Monday, October 30, 2006
Once upon a time, when Internet browsers were new and one was supposed to buy one, I did. That was before Microsoft made one an integral part of their operating system. That was when one could download Netscape for a free three month trial, and do so every three months (to get the latest version, too). Or one could use Compuserve, and the browser they provided. I decided that I should support Netscape, and bought a boxed version of Navgator. It never worked. Its installer was too buggy. It even broke the previously working connection: I spent hours reinstalling Compuserve and cleaning up stuff.
When Microsoft stopped selling IE separately, it was obvious that if Netscape hoped to continue charging for Navigator, they would have to bundle it with an operating system. Incapable of making that leap, they gave up, and gave Navigator to "the community".
I've been using Firefox and Thunderbird for a few years. I'm usually glad I do, and, although I don't consider myself apt to add or improve their c code, I have contributed by providing information on bugs.
I recently decided it was time to update the version of Thunderbird I use: I'd been using 1.07 for months, and 1.5 is now current. Yesterday seemed like a good time to undertake this: a cool, cloudly/rainy late October Sunday with an hour time change.
Maybe Mozilla software has gotten more stable, its installation more sure-fire. I, for one, liked the more thorough notes on releases and installation of the earlier versions. They would explain the directory structure for each platform, note changes versus earlier versions, and advise on how best to install over an older version. But no more: simply download, click to indicate agreement after reading the license, wait a moment, and it is done! No need to back up your mail files or bookmarks.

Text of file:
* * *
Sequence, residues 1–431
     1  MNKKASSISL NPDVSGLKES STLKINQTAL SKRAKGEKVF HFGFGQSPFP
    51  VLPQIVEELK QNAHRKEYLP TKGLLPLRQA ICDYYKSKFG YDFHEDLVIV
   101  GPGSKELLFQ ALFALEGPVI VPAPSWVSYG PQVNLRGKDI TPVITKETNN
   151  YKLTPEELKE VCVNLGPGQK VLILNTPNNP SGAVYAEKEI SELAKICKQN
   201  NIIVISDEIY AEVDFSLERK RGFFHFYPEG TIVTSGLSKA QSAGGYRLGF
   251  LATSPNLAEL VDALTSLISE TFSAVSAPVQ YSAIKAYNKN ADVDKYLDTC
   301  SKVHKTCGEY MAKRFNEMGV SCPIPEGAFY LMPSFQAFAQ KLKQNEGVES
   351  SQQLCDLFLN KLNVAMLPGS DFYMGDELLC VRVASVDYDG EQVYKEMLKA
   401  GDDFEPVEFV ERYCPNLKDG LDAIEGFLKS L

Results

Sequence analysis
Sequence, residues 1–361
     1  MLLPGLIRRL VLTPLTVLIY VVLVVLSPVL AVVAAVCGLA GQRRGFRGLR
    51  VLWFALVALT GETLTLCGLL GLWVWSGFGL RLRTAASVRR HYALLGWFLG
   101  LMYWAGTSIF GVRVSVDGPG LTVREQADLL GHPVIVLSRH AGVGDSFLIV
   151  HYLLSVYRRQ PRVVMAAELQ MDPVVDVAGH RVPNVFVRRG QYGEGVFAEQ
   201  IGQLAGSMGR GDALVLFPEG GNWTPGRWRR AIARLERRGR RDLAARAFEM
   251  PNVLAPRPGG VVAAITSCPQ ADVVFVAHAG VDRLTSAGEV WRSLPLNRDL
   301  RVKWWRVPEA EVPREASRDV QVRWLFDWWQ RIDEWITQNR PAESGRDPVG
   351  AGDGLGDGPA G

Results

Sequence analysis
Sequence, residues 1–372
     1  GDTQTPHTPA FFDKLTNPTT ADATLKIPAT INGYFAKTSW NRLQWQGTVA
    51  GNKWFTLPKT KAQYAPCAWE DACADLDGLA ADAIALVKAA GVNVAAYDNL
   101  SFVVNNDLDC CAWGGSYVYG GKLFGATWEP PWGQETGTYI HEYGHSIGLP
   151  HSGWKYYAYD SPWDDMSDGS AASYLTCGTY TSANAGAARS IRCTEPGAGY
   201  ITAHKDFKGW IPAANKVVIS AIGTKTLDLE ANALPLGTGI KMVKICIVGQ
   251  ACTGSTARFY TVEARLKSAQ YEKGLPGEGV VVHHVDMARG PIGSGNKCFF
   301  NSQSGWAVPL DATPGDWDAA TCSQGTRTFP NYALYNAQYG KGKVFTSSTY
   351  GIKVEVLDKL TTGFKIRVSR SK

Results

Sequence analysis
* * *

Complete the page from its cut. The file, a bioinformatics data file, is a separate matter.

This time, I decided, I would do a cleaner installation. I would uninstall first, and install to a new directory to be double sure all the old program was gone (or if bits remained, I could find and remove them). Why? To avoid accumulating more and more obsolete files on my disk. For example, whereas my current mail files are in "Application Data\Thunderbird\Profiles\", there is an "Application Data\Mozilla\Profiles\default\" branch with "Mail" in it, last accessed over two years ago. Has all its content been imported to the newer directories? Can I delete it? Why didn't the installer do so, or propose to do so, two years ago? I backed up my mail files and ran UninstallThunderbird (via Control Panel, etc.) before install.
After uninstalling, I note:
- The "Application Data\Mozilla\Profiles\default\" branch is still there. Not surprising, since it was not supposed to uninstall Mozilla. Maybe I'll delete it myself.
- The "Application Data\Thunderbird\Profiles\" is still there (good, I won't need my mail backup), but not just mail and address book data has been preserved: Mozilla-specific such as "chrome" and "extensions" are still there, and not empty.
- The "Program Files\Mozilla Thunderbird\" directory is still there, and not empty.
- The registry still has about a hundred keys including "Thunder" (plus some including "THUNDE~1" which I didn't count). Yes, I actually searched with regedit and exported each of the involved keys to a file. Took about an hour, I guess.
Since I'll be installing Thunderbird fresh, I won't actually take the risk of editing the registry by hand. But I'm really disappointed that this uninstall was so incomplete.
Tags: Thunderbird : Mozilla